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June/July 2015 (vol. 12/1)

ContentsFeaturesNewsLegal NewsResearch DigestResearch PlusCPD

Research Plus

Occupational disease reporting

Reliable data on occupational disease (OD) incidence is needed to plan interventions and allocate resources; however, underreporting remains a problem. This Cochrane systematic review, which included seven randomised controlled trials and five controlled before-and-after studies, analysed evidence on ways to improve reporting among physicians. Educational materials, such as a personally addressed newsletter, neither increase the number of physicians reporting ODs (moderate quality evidence) nor the rate of reporting (low quality). There is very low-quality evidence that educational meetings increase the number of physicians reporting ODs compared with no intervention, but do not increase the rate of reporting. Where there is a legal requirement to report an OD sending a reminder about this, rather than one simply describing the benefits of reporting, significantly increases the number of physicians reporting ODs (risk ratio = 1.32; 95% confidence interval (CI) 1.05–1.66; moderate-quality evidence).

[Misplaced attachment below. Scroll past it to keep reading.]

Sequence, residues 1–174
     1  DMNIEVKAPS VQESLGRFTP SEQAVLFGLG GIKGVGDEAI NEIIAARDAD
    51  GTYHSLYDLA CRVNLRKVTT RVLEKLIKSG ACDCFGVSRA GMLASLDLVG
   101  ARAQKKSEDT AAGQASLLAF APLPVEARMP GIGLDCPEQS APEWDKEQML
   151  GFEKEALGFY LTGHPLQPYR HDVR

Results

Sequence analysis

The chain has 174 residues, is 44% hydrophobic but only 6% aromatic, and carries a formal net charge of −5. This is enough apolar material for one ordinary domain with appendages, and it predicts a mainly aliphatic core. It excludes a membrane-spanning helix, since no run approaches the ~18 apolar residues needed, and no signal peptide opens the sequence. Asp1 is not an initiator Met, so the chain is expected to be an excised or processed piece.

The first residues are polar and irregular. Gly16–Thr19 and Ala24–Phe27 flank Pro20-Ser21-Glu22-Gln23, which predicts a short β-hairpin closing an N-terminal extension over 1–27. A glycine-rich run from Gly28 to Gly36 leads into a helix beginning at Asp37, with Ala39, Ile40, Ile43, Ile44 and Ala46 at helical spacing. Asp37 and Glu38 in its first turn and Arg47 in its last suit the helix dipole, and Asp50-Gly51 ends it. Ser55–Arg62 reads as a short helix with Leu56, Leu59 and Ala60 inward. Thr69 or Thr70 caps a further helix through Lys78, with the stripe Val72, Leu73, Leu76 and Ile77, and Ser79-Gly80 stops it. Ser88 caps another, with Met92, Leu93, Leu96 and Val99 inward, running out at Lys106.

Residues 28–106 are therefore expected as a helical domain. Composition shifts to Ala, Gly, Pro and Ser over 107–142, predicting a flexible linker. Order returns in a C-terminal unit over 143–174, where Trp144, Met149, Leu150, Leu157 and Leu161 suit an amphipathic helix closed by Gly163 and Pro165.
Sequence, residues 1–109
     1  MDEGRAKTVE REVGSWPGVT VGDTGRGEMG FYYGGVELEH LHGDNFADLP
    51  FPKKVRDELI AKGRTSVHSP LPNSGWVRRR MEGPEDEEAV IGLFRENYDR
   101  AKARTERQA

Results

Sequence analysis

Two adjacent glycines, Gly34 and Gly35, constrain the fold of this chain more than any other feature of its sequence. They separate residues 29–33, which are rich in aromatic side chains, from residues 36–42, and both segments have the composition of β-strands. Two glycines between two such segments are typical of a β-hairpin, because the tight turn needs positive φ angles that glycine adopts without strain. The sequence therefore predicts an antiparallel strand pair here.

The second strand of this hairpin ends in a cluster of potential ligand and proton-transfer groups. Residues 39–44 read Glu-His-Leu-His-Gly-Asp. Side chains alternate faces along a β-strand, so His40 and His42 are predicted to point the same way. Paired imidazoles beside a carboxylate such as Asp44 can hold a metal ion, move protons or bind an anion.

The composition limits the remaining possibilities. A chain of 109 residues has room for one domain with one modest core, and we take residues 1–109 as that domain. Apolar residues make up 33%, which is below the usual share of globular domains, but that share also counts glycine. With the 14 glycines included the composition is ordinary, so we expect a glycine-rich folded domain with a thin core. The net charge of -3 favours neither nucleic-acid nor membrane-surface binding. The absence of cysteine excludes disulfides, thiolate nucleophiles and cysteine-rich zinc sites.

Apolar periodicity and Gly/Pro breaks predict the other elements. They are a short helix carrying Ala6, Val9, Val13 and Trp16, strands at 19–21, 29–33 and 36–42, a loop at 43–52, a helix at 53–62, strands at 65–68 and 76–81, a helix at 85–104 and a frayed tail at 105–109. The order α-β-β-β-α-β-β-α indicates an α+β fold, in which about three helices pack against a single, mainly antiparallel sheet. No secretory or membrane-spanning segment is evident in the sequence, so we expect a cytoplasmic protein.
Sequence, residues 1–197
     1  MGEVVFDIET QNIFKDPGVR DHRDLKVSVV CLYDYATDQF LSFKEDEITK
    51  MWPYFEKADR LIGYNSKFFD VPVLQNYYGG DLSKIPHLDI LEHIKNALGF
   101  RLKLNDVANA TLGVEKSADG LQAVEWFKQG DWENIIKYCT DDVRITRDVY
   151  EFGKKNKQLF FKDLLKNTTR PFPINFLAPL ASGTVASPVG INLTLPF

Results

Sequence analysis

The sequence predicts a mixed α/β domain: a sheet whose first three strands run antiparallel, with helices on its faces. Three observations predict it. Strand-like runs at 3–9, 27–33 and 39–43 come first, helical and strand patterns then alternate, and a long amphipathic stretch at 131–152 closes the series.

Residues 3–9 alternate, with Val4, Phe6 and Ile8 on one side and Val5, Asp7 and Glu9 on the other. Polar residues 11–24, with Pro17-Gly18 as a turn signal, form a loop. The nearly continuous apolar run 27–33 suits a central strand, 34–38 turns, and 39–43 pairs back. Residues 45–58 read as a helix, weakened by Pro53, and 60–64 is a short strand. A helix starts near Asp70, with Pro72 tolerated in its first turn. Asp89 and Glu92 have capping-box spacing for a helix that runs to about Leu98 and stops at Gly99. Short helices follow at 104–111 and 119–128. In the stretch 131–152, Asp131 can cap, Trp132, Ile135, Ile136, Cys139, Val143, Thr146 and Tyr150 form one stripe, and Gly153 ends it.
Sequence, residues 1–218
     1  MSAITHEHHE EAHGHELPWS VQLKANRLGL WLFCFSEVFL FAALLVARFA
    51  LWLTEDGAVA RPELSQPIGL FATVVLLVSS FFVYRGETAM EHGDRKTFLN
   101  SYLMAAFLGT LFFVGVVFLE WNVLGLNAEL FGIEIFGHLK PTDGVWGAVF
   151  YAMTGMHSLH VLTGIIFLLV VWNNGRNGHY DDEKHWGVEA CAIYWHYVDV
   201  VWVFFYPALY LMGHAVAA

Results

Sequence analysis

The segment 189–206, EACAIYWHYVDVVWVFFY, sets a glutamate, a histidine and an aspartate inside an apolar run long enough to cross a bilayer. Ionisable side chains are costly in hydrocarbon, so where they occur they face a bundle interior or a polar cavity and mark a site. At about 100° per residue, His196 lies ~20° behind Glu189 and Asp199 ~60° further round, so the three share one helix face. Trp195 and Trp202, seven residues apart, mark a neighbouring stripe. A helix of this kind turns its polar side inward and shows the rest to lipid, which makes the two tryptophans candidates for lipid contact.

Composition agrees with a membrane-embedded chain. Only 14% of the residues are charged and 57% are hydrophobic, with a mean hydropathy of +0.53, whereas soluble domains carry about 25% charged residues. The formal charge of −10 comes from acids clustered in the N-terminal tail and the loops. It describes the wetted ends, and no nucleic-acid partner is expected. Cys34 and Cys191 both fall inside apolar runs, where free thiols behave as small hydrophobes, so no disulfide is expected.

1. Interventions to increase the reporting of occupational diseases by physicians. Cochrane Database of Systematic Reviews 2015; 3: CD010305. doi: 10.1002/14651858.CD010305.pub2.


Occupational Health at Work June/July 2015 (vol. 12/1) pp35